BLOG - How I became a linguist

    Research output: Other contribution


    It took me a long time to realise I wanted to become a linguist. I had a resolutely monoglot childhood in 1960s Canberra, Australia’s ‘bush capital’, and can’t even remember hearing any language spoken but English. Nor was school any better when it came to languages: the teachers were dogmatic types who obviously couldn’t speak the languages well and were irritated by why-questions. So like my fellow nerds at Campbell High School I took science subjects and when it came to uni studied biology and psychology. During my third year at the Australian National University (ANU) I had a spare slot in my degree and decided to take first year Russian – mainly so I could read Russian literature in the original. For the first time I experienced what it could be like to learn a foreign language from a teacher (Prof. de Bray) who could lay out its individual logic. He placed great stock on students getting a good pronunciation, and in week two we had to hand in an account of all the phonetic realisations of Russian vowel letters under different stress conditions. This wasn’t the last time I benefited from a teacher with what many would think were unrealistic expectations – I don’t think any of us had studied phonology before, but somehow that planted a seed in me.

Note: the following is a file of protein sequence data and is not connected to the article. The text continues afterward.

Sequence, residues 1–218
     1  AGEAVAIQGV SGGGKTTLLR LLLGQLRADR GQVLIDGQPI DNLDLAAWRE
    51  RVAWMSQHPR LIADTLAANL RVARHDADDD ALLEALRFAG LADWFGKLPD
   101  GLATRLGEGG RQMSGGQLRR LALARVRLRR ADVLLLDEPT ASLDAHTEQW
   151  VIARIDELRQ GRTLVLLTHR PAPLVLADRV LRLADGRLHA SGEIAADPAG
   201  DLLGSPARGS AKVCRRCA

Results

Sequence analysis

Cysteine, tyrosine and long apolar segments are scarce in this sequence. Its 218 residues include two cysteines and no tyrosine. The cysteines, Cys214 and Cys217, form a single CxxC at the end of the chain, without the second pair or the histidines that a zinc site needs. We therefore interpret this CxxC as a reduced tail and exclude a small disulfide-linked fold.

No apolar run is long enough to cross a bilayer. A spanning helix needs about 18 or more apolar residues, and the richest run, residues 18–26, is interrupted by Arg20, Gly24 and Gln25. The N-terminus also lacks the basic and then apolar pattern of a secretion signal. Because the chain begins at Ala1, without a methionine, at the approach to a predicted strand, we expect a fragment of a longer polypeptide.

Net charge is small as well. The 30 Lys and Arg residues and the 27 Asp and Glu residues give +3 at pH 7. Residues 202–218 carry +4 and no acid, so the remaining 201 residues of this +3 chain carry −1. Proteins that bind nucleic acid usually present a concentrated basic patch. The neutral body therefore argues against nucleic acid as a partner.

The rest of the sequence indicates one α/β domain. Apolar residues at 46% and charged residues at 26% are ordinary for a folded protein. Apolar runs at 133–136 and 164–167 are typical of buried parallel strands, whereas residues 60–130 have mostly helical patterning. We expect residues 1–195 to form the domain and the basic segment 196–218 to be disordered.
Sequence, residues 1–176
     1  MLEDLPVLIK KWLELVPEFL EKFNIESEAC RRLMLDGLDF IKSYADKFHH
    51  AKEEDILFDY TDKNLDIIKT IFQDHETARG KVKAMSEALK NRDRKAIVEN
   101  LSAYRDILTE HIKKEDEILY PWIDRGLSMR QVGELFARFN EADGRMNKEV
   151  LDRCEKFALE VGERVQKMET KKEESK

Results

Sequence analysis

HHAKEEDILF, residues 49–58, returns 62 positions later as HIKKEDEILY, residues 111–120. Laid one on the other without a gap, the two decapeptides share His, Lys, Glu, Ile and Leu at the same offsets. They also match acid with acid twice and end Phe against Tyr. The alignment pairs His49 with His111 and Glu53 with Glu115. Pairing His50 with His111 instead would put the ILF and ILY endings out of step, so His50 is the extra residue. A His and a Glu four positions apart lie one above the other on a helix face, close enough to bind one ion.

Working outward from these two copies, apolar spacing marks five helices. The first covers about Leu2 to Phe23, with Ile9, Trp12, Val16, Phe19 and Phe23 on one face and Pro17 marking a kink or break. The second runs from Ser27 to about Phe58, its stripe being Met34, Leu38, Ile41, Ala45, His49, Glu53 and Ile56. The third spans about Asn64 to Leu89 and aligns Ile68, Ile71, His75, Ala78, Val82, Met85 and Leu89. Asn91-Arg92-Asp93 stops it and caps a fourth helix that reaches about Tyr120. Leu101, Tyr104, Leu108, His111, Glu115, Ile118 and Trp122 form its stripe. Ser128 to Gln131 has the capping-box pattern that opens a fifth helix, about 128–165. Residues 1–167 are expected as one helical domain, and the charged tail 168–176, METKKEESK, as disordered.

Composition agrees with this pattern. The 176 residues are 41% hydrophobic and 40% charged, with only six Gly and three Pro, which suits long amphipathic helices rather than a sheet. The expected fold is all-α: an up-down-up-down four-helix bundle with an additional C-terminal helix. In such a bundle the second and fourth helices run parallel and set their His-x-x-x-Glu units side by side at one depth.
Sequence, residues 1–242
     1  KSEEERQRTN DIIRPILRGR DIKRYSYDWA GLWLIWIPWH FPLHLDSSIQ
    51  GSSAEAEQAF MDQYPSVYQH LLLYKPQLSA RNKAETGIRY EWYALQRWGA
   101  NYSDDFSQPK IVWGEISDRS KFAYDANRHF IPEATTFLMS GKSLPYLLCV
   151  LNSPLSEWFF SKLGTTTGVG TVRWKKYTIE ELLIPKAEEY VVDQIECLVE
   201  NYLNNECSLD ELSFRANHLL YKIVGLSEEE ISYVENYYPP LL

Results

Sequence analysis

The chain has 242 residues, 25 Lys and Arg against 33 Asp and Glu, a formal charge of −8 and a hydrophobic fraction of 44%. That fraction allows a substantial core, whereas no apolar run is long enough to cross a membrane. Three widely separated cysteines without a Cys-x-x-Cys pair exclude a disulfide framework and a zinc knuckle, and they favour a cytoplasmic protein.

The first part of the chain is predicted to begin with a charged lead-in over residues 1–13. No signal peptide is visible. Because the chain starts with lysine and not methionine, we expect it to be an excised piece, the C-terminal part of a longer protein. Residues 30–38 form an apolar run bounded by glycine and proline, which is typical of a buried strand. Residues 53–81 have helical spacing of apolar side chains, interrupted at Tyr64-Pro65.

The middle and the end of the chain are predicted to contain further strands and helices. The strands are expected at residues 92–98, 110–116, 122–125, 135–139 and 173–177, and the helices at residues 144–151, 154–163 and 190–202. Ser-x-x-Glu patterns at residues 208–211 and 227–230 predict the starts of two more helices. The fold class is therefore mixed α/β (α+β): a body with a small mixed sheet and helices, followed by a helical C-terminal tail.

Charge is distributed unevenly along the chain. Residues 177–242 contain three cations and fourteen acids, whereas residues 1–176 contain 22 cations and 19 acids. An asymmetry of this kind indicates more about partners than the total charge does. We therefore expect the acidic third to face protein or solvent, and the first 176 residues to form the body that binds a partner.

Original languageEnglish
    Place of PublicationOnline
    Publication statusPublished - 2014


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